Books

Whitehead’s ‘Underground Railroad’ an unforgettable journey through slavery

“The Underground Railroad” by Colson Whitehead
“The Underground Railroad” by Colson Whitehead Tribune

“The Underground Railroad” by Colson Whitehead; Doubleday (306 pages, $26.95)

Colson Whitehead’s “The Underground Railroad” is a ruthless and moving look at America’s original sin, the belief in white supremacy that let it steal a continent’s worth of land from one race and enslave another. Through the story of a teenager named Cora who runs away from a Georgia plantation in 1850, Whitehead brings the reader inside the experience of knowing that your body, your choices, your life are not your own.

Originally set for mid-September, the publication date for “The Underground Railroad” was moved up after it was announced as the first book club pick by Oprah Winfrey in over a year. (It’s also one of the five books on President Obama’s vacation reading list.)

Whitehead, a New Yorker and Harvard graduate, has collected a number of other honors already, including a MacArthur “genius” grant and a Pulitzer finalist slot. His six previous novels ranged widely in subject and style, although all had some comic tone. His 1999 debut, “The Intuitionist,” had touches of fantasy; “Sag Harbor” in 2009 was realistic and semiautobiographical; “Zone One” in 2011 was a zombie apocalypse story.

“The Underground Railroad” blends historical fiction – Whitehead read many slave narratives and other sources in his research – with magical realism to create a striking, beautifully crafted novel that echoes a variety of works, notably Toni Morrison’s “Beloved,” Gabriel García Márquez’s “One Hundred Years of Solitude,” Cormac McCarthy’s “Blood Meridian” and Jonathan Swift’s “Gulliver’s Travels.”

Born on the sprawling Randall plantation in Georgia, Cora grows up as a “stray,” a child with no family. Most often, such children’s families have died or been sold away. But Cora’s mother, Mabel, escaped – the only slave from Randall to do so successfully – when her daughter was small. Left behind and raised haphazardly, Cora is embittered by her mother’s desertion and fiercely independent.

Her stoicism may have come down from her grandmother, Ajarry, who was captured in West Africa as a child. “In America,” she learns, “the quirk was that people were things. Best to cut your losses on an old man who won’t survive a trip across the ocean. A young buck from strong tribal stock got customers into a froth. A slavegirl squeezing out pups was like a mint, money that bred money. If you were a thing – a cart or a horse or a slave – your value determined your possibilities.”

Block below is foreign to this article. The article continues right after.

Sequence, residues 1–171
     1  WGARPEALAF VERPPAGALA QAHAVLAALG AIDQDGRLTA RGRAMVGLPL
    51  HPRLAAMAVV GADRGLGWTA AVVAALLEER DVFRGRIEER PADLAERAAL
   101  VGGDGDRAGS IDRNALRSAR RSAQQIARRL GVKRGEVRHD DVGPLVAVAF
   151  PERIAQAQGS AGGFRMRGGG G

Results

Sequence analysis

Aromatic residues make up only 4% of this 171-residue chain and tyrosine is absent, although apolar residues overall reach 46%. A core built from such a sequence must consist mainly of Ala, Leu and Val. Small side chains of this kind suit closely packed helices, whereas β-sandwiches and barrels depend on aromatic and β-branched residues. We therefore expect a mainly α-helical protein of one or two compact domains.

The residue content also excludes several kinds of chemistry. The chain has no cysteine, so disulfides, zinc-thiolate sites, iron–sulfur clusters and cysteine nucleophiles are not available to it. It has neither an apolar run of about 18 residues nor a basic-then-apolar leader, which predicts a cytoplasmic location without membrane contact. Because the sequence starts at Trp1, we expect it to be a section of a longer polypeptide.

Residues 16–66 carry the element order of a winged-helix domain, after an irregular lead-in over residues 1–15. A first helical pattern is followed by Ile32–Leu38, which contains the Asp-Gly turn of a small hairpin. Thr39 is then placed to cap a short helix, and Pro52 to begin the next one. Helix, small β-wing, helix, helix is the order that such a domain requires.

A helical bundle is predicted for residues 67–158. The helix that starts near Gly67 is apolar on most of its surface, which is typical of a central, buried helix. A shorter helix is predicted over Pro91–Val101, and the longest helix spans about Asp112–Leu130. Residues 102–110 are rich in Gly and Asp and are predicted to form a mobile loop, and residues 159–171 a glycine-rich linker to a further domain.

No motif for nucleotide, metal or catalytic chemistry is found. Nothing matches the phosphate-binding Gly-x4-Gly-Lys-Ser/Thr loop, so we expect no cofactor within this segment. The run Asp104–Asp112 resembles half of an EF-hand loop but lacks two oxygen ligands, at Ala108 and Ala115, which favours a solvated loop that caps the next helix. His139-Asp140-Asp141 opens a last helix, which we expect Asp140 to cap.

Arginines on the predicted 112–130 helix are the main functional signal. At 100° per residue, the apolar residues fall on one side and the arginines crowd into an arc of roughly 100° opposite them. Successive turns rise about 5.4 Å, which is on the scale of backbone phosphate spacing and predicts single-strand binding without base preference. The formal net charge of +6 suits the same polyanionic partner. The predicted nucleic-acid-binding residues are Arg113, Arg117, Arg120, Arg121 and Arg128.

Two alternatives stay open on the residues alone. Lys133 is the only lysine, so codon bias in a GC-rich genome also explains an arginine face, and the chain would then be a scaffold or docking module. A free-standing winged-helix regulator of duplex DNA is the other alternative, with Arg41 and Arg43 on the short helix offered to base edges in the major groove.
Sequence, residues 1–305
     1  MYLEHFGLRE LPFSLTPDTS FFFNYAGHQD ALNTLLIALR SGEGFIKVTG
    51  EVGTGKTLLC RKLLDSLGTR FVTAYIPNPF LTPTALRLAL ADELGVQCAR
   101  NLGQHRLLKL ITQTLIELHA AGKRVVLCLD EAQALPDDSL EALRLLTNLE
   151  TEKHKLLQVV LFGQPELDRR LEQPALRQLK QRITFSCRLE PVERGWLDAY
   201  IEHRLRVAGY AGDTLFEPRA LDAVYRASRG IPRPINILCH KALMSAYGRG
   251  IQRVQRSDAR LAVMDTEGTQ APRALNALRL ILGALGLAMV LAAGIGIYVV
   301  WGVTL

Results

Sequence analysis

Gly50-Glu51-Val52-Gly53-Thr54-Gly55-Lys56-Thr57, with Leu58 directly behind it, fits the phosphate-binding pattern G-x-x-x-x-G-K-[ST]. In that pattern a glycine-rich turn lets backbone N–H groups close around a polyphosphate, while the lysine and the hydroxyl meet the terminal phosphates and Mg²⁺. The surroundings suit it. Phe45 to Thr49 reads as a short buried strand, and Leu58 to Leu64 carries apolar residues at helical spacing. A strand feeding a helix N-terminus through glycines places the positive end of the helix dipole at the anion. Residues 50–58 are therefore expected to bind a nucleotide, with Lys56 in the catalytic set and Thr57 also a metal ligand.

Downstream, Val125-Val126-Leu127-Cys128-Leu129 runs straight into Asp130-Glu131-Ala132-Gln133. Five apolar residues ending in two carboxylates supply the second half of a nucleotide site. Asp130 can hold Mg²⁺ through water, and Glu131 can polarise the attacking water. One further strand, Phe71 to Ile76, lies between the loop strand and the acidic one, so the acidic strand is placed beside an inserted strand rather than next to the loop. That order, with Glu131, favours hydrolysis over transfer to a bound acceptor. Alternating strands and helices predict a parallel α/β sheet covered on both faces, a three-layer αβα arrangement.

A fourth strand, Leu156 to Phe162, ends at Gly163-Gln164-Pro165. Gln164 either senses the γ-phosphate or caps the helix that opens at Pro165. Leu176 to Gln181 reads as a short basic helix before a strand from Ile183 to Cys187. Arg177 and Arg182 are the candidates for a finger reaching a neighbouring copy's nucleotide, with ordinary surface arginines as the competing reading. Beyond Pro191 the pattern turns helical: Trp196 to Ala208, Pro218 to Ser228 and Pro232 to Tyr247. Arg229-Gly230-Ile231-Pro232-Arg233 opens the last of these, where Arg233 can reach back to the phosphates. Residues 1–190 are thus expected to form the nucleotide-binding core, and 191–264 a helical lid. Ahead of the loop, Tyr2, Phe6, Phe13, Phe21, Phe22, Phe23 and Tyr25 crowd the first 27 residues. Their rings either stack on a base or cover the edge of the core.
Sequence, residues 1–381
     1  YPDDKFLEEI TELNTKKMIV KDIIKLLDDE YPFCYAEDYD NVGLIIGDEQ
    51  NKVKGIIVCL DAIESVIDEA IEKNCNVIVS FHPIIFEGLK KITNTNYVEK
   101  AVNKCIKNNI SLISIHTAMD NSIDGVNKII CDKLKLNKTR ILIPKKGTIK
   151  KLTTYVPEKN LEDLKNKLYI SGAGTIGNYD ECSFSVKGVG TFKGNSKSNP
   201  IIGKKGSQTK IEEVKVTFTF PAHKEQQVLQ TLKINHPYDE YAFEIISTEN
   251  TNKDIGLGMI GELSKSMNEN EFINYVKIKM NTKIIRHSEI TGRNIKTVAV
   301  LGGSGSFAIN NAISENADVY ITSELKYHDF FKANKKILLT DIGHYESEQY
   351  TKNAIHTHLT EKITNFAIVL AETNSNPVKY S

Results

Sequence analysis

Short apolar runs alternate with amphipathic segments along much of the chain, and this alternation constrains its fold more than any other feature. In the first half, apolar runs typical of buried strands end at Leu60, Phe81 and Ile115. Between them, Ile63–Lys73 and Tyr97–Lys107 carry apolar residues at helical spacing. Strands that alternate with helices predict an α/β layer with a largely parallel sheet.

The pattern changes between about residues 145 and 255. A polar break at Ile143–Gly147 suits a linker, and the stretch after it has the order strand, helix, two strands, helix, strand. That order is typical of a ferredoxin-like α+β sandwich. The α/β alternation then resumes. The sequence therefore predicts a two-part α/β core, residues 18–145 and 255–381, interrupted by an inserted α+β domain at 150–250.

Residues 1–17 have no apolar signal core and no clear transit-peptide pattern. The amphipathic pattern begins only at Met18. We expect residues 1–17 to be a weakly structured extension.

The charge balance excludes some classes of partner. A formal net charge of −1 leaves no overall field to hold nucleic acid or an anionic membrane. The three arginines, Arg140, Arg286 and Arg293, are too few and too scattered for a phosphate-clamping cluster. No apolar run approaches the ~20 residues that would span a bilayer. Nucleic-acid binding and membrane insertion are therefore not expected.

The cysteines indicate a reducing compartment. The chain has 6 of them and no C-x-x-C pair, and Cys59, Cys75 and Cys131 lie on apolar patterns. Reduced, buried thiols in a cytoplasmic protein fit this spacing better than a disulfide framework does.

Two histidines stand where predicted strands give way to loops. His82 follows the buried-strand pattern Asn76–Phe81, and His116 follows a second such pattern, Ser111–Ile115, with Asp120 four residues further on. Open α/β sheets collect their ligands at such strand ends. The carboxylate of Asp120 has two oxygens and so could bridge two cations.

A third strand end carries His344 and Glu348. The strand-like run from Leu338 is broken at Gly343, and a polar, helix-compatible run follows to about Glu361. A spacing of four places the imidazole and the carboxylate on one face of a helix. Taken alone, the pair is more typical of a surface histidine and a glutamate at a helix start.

When Cora is about 16, already a survivor of rape and other brutalities, another young slave named Caesar proposes that the two of them escape. They know the risks. Whitehead describes the punishment meted out to another slave who runs and is caught: three days of torture, observed by invited white guests from Atlanta and Savannah and a “newspaper man from London come to report on the American scene,” before he is burned alive.

But escape Cora and Caesar do, and they make it to one of the stops on the Underground Railroad of the title. Historically, that name was a metaphor for the network of people, black and white, who aided runaways in their long journeys to the free states. That network is part of Cora’s story, too, but Whitehead also creates an actual railroad, a system of cobbled-together trains running at unpredictable intervals through deep, dark tunnels, “springing from some inconceivable source and shooting toward a miraculous terminus.”

When they first see it, Caesar asks the man helping them, “Who built it?”

The reply: “Who builds anything in this country?”

By train and other means, first with Caesar and later alone, Cora will travel through several Southern states, each of which Whitehead has reimagined as variations on history.

Over and over Whitehead shows us the bitter human losses of slavery, not just individual death and abuse but the systematic destruction of the bonds of family and friendship among black people. Any time his characters begin to form any kind of network of love or support, whites sweep in to destroy those fragile webs and leave them helpless once again. Cora never learns the answer to the mystery of her mother’s flight, but we do, and it will fairly crack your heart.

Whitehead’s style in “The Underground Railroad” – cool, almost detached, clinical in its detail with no wasted motion – contrasts and hence intensifies the book’s harrowing story. Through it all, Cora endures, and, more than a century and a half after it is set, her story recalls that famous line from William Faulkner, another writer whose essential subject was race: “The past is never dead. It’s not even past.”

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